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COMMENTARY: Churches can benefit from online ministry in a post-pandemic world

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By Tom Crites

Strike up the theme song, meet George Jetson (da-da-da, de-da-da-da). Life in the 2060s, according to George Jetson, is exhausting and difficult. He must endure a laborious work week consisting of one hour of work, two days a week, turning his computer on and off. He is met daily with the inconveniences of having to decide what to download for dinner and walking the dog on the treadmill. And the space traffic… This is the second of a couple of articles discussing what I have called “Jetson Church.”

Tom Crites
Tom Crites

Church life has been changing for the last decade or so. I believe that the pandemic expedited many of the changes that were steadily coming. Online ministries were ramped up during the shutdown. Online giving, podcasts, and digital small groups became the norms quickly. Many of these changes will remain; let’s continue our conversation about what we will (or should) retain for future ministry possibilities?

In a previous article, I presented the idea of clarification of the use of our online service streams. Consider this related second observation; Our digital connections should be leveraged for the best impact. Here are a couple of things we must get a handle on. First, unchurched people do not watch online services. As a matter of fact, 88% said they would not consider watching a service and 73% said they are not interested in any type of invitation to watch a streamed service or any online faith event. So, if your church is making online connections with lots of unchurched folks, you are the exception not the rule. I need to talk to you to see what we can learn and share. But for the rest of us, should we stop inviting lost friends and family to watch? We should never stop. Just realize, it is highly unlikely a lost person will watch a stream of our services or events.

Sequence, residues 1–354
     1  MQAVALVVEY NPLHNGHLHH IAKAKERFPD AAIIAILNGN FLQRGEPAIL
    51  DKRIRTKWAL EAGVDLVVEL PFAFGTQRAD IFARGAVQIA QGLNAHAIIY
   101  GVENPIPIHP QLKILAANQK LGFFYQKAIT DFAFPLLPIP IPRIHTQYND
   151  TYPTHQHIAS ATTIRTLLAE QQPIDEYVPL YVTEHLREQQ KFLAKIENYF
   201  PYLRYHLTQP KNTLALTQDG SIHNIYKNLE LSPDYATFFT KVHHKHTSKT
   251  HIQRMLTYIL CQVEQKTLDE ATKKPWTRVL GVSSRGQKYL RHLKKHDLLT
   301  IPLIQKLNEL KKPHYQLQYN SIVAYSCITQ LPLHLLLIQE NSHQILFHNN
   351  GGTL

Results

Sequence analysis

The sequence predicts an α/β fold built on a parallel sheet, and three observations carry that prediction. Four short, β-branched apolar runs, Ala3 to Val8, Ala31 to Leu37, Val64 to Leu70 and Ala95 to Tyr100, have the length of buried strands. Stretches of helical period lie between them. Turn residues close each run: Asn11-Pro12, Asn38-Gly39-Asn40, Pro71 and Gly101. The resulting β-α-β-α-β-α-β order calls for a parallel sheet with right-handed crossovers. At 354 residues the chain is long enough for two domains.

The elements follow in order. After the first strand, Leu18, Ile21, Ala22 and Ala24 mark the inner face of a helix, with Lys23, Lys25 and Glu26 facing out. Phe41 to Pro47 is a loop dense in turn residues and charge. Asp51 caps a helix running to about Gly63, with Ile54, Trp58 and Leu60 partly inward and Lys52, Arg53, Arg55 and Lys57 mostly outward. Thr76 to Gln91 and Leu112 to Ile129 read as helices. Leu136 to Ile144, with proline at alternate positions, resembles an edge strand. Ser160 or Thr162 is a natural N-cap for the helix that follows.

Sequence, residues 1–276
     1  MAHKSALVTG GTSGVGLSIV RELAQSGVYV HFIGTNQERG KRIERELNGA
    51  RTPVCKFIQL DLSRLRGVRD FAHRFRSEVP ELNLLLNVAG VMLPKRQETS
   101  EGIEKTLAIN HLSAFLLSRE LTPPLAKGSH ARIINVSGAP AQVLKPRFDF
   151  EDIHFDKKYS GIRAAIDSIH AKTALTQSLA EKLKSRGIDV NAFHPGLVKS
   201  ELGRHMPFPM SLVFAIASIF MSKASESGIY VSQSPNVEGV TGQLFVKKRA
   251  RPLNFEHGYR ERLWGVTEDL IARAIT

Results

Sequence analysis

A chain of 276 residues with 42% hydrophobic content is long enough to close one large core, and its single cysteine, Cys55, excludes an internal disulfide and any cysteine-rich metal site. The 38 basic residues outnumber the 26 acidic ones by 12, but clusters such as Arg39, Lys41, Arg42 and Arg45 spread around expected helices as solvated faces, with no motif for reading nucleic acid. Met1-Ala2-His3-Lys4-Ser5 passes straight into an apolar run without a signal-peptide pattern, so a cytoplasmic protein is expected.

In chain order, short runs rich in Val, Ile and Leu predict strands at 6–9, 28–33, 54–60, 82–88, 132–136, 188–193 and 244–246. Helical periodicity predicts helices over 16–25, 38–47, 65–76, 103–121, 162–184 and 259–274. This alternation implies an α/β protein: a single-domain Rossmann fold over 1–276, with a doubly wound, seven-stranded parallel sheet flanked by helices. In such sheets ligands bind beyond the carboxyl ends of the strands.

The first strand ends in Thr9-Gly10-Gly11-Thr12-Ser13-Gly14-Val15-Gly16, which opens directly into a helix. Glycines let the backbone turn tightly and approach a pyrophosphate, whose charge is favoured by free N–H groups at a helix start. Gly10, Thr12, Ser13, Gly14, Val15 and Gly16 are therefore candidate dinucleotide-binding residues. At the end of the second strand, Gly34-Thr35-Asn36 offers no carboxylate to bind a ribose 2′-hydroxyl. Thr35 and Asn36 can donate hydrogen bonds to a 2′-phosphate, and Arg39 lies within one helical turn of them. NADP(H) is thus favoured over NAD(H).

Churched people, on the other hand, feel more comfortable watching and engaging online with other churched people. In fact, 41% of churchgoers say they are open to participating in an online group or class. This is where a leader may be able to leverage online ministry for greater impact. Online courses for growth and development make sense. Consider the classes and groups offered online as primarily educational, kind of like an academy. Think about offering online options for stay at homes moms that may not be able to attend or would prefer not to attend an onsite, face-to-face Bible study. Senior adults, shut-ins, college kids away from home, members in the military may benefit from the opportunity to stay connected. Offer leader training, topical discussions, doctrinal studies online. Leaders can train members how to share the gospel, how to identify prospects, how to invite friends and neighbors to in-person services. Student pastors can teach students, parents, and lay leaders how to answer tough questions they may encounter. There are numerous possibilities.

People in small groups and Sunday school classes that are teacher centric, lecture driven types would probably do ok online too. People in small groups and Sunday school classes that have more of a group dynamic, communal feel may struggle finding a comfort zone online.  I suggest classes structured in the more relational model offering an online option for members traveling or ill, but to communicate that the best option is face-to-face regular attendance.

Research shows that when the interaction requires even closer, deeper relationships where a participant may need to feel safe to interact, participants demand face-to-face experiences. Pastors considering small support groups, group counseling or other small groups requiring personal spiritual conversations should keep in person meetings priority.

Unlike George Jetson, we work many hours several days a week. Pastors often testify to the midnight phone call from the family of a sick or dying loved one. There are only so many hours in the week, so we must make the most of every one of them. Maintaining the online opportunities presented during the pandemic will help with time management. But, every leaders should evaluate online connection points to make sure they are leveraged for the greatest impact.

George Jetson, Online church, post-pandemic, worship

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